City’s Fortunes a ‘Roller Coaster,’ Says Mayor Guardian, But ‘Stars Are Aligning’

Atlantic City Mayor Donald Guardian, right, makes a point with Collingswood Mayor James Maley, left, as Maley's law firm associate, Emily Givens, looks on.In January 2015, then-Atlantic City Mayor Donald Guardian, right, makes a point with Collingswood Mayor James Maley, left, as Maley's law firm associate, Emily Givens, looks on.

ATLANTIC CITY, NJ—(SBN)—Atlantic City’s fortunes over the past several decades has seemed like a “roller coaster,” but Mayor Donald Guardian is convinced that “the stars are aligning for Atlantic City.”

Speaking exclusively to’s news director Steve Lubetkin, after his appearance on a panel sponsored by the Philadelphia district of the Urban Land Institute, Mayor Guardian described several positive developments over recent weeks that he believes will help counter the negative perception of Atlantic City’s prospects due to financial troubles caused by several recent casino closings and bankruptcies. Lubetkin was reporting for at the conference.

(See an exclusive video report with more comments from the mayor at the end of this news story.)

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“Prices are right, meaning it’s really cheap to buy property and buy buildings,” Guardian says. “New Jersey Grow is now open to Atlantic City. You have a city government that is bullish on new growth, new businesses coming to Atlantic City, and backing that up with help when you’re building, and specialty tax rates.”

The Richard Stockton College of New Jersey’s new presence is also helping the city, the mayor noted. The school recently acquired the Showboat Casino and plans to reopen it as a hotel and conference venue, while also providing housing for some 400 students at the South Jersey school.

Mayor Guardian also pointed to the US Department of Labor emergency job training grant announced Tuesday for Atlantic City by Sens. Cory Booker and Robert Menendez. The $29 million grant will help provide job training for unemployed casino workers.

Steve Lubetkin with former Pittsburgh Mayor Thomas Murphy.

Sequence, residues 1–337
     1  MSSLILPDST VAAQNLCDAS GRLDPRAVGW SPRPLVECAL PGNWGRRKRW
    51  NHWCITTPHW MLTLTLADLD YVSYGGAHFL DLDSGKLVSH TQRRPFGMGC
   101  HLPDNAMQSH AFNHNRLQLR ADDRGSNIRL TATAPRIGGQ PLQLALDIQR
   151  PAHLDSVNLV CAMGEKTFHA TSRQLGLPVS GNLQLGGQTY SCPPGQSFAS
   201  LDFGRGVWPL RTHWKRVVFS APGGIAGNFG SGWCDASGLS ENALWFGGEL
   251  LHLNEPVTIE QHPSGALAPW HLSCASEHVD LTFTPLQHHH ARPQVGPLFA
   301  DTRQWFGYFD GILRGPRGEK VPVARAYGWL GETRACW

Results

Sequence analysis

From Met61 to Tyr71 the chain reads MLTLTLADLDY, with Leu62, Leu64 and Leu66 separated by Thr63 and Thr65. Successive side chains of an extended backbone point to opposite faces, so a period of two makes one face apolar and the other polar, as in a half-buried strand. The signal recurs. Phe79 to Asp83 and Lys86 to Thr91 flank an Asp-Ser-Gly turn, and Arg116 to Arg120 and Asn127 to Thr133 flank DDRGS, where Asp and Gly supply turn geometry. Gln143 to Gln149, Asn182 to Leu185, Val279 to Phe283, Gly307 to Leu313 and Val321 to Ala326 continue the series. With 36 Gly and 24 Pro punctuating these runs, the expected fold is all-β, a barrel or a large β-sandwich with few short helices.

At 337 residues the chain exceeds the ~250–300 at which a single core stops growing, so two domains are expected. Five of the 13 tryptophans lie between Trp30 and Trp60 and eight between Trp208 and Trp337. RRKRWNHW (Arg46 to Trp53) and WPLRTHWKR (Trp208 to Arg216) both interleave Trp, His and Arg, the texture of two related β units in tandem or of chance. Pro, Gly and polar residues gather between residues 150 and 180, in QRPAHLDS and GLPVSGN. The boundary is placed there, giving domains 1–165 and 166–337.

Steve Lubetkin with former Pittsburgh Mayor Thomas Murphy.

The ULI program presented a panel conversation, “Strategies for a World-Class Resort City,” about the organization’s research project into development alternatives for Atlantic City. The research effort, which took place last year, was chaired by ULI senior fellow Thomas Murphy, former mayor of Pittsburgh, PA.  Eight to 10 members of ULI volunteered their time to look at several areas of Atlantic City for potential development.

“We made a series of recommendations,” Murphy tells exclusively. “We talked about beginning to think and act as if Atlantic City is like any other community rather than like a city with a lot of casinos. How do you diversify your economy and how do you build a residential community?”

About 85 percent of the people who work in Atlantic City don’t live there, Murphy says, pointing out that this speaks to the opportunity to encourage such people to consider the city as a potential residence.

“At the end of the day, it’s always about leadership and vision,” says Murphy. “I think Atlantic City was plagued with leadership that was not aligned, and maybe there was not vision. People said, ‘we have casinos, what more do we need?’”

People in Atlantic City have started having the difficult conversations about what comes after being a single industry town, says Murphy, who faced the same challenge as mayor when Pittsburgh was transitioning from being the heart of the US steel industry.


Collingswood Mayor James Maley attended the session and spoke with SBN news director Lubetkin.

“The biggest issue when you’re dealing with redevelopment is getting people to believe that things will change,” says Collingswood Mayor James Maley, a real estate attorney whose own town is experiencing an urban renaissance anchored by high-end multifamily properties like the Lumber Yard  and a restaurant-oriented main street.

Other panelists at the ULI event were: Wasseem Boraie, managing member, South Inlet Partners Urban Renewal, developing the new Boraie residential complex; Victor Nappen, chair, Greater Atlantic City Chamber of Commerce; John Palmieri, executive director, New Jersey Casino Reinvestment Development Authority; and Dr. Herman J. Saatkamp Jr., president of the Richard Stockton College of New Jersey.

“We’re not dead,” Mayor Guardian insists with a smile. “We’re still a cash cow for the state of New Jersey. We’re just wounded and we need a little help right now, but we’re going to bounce back, and it’s going to be good for the city, it’s going to be good for South Jersey, it’s going to be good for all the residents of New Jersey.”

Watch a video report with more comments from Mayors Murphy, Maley, and Guardian in the player below.